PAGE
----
We quickly realized that it was not just a typical weekend in Bangkok. After being doused in water multiple times while attempting to find our hostel, we soon learned that it was Songkran, the Thai New Year. To celebrate the new year, the Thai line the streets with water buckets, water bottles, water guns, and any other imaginable container that holds water. They then douse anyone and anything that passes them with the water. In addition, some kids had a curious colorful clay substance that they wiped all over the face and arms of any unsuspecting victim. We finally found our hostel, changed into dry clothes (a futile action, we realized), and decided to go to the one thing that looked familiar to us: Subway. After we indulged in some delicious Subway sandwiches, we headed to the MBK, a popular shopping center in Bangkok. We had to barter hard for a tuk tuk, a three-wheeled motorized open-backed vehicle used as a taxi in SE Asia. It was frustrating to us knowing that the drivers charged us WAY more than the locals for a ride.
It was on our way to the shopping center that we saw our first communist demonstrations. We didn’t think much of it until we were on our way home from the mall and the tuk tuk driver said we’d have to go the long way around the city back to Koh Sahn Rd. because the communists had basically taken over all of Bangkok’s major roads. I was honestly pretty freaked out riding in the back of an open-aired vehicle on the dark side streets of Bangkok knowing there were communist demonstrations going on all around the city. (But no worries Mum, I survived!) We were planning on staying two nights in Thailand before we headed to Laos, but because it was Songkran, many of the sightseeing attractions around the city were closed, and the communist demonstrations made transportation around the city a difficulty. Additionally, negative press and warnings about the communists made our decision to get the heck out of Bangkok very easy! We booked an overnight bus ride from Bangkok to Laos for the evening and spent the day getting soaked, eating Thai food, and chilling on Koh Sahn Rd. before our bus headed out. While we waited, we also checked out a really cool bar that was 3 stories up from the street. We were able to try some genuine Thai beer, watch and laugh at the people down on the street getting wet, and listen to a very talented musician (he was on the first season of American Idol!) play some live music for us.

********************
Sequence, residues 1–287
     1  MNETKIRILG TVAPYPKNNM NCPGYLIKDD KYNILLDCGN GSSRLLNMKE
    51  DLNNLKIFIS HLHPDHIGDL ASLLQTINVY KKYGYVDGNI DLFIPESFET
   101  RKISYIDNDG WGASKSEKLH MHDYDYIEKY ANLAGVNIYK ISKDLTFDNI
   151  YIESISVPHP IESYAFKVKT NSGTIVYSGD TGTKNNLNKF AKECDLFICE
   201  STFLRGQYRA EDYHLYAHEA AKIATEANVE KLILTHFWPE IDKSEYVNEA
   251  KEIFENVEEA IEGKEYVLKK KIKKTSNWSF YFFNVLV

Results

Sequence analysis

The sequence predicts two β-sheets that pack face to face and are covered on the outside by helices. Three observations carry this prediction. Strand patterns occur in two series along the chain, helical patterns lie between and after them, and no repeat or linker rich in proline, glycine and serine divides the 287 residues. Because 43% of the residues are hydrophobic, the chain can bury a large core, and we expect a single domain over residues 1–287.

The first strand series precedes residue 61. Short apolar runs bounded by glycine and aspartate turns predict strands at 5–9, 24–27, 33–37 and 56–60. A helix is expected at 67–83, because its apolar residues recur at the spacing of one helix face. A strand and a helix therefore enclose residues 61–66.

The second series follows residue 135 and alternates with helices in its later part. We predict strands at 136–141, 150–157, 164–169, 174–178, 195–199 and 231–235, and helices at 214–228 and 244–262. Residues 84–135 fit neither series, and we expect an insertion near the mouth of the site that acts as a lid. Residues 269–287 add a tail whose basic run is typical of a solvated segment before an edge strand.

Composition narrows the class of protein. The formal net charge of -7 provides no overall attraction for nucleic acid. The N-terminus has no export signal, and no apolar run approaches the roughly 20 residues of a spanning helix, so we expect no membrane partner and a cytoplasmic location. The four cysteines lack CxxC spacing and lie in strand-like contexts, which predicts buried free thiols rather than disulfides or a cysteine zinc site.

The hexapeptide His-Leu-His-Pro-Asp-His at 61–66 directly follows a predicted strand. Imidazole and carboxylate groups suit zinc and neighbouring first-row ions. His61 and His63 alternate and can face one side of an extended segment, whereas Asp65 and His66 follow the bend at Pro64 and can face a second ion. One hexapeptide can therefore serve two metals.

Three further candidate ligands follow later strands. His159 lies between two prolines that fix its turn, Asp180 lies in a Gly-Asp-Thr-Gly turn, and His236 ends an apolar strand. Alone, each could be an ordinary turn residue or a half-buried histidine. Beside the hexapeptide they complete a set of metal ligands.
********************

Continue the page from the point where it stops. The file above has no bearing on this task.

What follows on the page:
Before we headed out on our 20-hour bus trek from Bangkok to Laos, we decided to try out some really cheap Thai whiskey for the ride. Needless to say, it was absolutely disgusting, but it made the ride go a bit more quickly! We arrived at the border crossing between Thailand and Laos in the morning, bought our Laotian visas, and hopped on another bus to Vientiane, the capitol of Laos. From Vientiane, we took another bus to Vang Vieng, a fun backpacker town about 4 hours away from Vientiane.